Broad-glumed Brome - Bromus latiglumis
State Rank Reason (see State Rank above)
Bromus latiglumis has not been documented in Montana (Lesica et al. 2012; Postings as of October 23, 2019 on the Consortium of Pacific Northwest Herbaria [http://www.pnwherbaria.org] and Rocky Mountain Herbarium [http://rmh.uwyo.edu] portals). A reported 2010 observation is likely a mis-identification and no specimen was collected. There is potential for it to occur in Montana, and potential specimens should be reported and confirmed by one of our State Herbaria (University of Montana, Montana State University, or Montana State University-Billings). A conservation status rank is not applicable (SNA) because this plant is not known to occur in Montana.
Cespitose perennials 55-130(-160) cm tall. Culms mostly glabrous, internodes usually 10 or more. Blades 10-30 cm long, 3.5-11(-13) mm wide, glabrous to scabrous or (rarely) sparsely appressed-pubescent; sheaths glabrous to densely retrorse-pilose; auricles present and conspicuous (unless broken off); ligules mostly less than 1.5 mm long, often pubescent. Panicle 10-24 cm long, open, the branches spreading to ascending, somewhat flexuous. Spikelets 5-10(-12)-flowered, 15-33 mm long, 4-9 mm wide. Glumes and lemmas usually hairy. First glume mostly 5-7 mm long, 1-nerved; second glume mostly 6.5-9 mm long, 3-nerved; lowest lemma 8.5-11 mm long, awned 1-5 mm; anthers 1.5-2.8 mm long.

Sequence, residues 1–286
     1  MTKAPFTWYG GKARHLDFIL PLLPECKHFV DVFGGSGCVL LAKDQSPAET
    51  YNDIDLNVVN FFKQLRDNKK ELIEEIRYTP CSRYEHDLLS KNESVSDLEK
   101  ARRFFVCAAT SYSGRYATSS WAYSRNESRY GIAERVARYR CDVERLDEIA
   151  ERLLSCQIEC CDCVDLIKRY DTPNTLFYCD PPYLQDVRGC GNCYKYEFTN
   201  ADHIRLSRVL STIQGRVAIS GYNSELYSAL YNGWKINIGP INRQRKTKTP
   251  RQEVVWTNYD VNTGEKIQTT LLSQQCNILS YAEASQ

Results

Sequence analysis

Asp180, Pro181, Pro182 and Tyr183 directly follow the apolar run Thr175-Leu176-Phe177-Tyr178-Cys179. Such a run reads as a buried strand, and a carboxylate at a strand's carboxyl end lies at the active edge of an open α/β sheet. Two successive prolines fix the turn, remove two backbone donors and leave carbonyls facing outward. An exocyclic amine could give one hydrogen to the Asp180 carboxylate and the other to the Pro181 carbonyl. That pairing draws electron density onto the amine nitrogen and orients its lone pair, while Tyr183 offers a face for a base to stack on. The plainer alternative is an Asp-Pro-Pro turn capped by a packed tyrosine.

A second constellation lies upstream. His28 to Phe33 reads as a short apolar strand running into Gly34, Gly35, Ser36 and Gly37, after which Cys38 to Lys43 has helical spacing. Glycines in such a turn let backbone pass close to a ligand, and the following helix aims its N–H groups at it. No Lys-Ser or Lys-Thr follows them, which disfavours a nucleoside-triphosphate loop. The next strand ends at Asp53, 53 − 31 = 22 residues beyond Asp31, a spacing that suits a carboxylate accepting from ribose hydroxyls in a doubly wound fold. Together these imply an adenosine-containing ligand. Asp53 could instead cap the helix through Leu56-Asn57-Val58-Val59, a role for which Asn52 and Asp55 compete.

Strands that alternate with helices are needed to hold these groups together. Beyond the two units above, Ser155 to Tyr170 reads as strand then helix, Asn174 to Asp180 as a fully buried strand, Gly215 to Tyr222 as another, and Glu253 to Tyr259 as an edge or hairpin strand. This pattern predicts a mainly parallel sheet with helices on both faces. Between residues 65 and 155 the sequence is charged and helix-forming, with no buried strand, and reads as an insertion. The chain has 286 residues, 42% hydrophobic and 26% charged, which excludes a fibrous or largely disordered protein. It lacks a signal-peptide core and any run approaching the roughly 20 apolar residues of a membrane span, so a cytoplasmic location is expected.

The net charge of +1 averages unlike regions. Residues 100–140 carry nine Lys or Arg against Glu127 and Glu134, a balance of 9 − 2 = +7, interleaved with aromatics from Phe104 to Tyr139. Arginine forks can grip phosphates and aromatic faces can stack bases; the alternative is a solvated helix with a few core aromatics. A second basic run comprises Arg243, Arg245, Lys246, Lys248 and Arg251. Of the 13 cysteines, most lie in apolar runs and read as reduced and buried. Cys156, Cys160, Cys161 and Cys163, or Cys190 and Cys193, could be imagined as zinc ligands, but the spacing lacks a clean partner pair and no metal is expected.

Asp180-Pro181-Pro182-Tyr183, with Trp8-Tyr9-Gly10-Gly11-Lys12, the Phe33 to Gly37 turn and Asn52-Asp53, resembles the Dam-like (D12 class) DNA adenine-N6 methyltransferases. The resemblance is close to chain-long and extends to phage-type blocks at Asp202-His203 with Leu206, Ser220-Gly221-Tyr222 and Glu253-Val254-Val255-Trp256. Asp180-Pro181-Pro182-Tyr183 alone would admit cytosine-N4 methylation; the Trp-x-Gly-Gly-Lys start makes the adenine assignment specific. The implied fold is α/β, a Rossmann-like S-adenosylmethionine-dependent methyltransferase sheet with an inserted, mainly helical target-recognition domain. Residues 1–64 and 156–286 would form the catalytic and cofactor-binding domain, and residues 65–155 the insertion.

Adapted from Sutherland in Flora of the Great Plains 1986.
In Montana Broad-glumed Brome can be distinguished by other native, perennial bunchgrasses by exhibiting culms with 9-20 nodes, leaf sheaths with dense pilose hairs near the collar and throat, and auricles of 1-2.5 mm long on most of the lower leaves (Lesica et al. 2012).
Northern Great Plains from AB and ND east to QB and ME, south KS, TN and NC (Kartesz in prep. 2012).
Shaded or open woods, along stream banks, and on alluvial plains and slopes (Barkworth in FNA 2007).
- Literature Cited AboveLegend: View Online Publication
- Flora of North America Editorial Committee. 2007. Flora of North America North of Mexico. Vol. 24. Magnoliophyta: Commelinidae (in part): Poaceae, part 1. Oxford Univ. Press, New York. xxviii + 911 pp.
- Great Plains Flora Association (McGregor, R.L., coordinator, and T.M. Barkley, R.E. Brooks, and E.K. Schofield - eds.). 1986. Flora of the Great Plains. Lawrence, KS: Univ. Press Kansas. 1392 pp.
- Lesica, P., M.T. Lavin, and P.F. Stickney. 2012. Manual of Montana Vascular Plants. Fort Worth, TX: BRIT Press. viii + 771 p.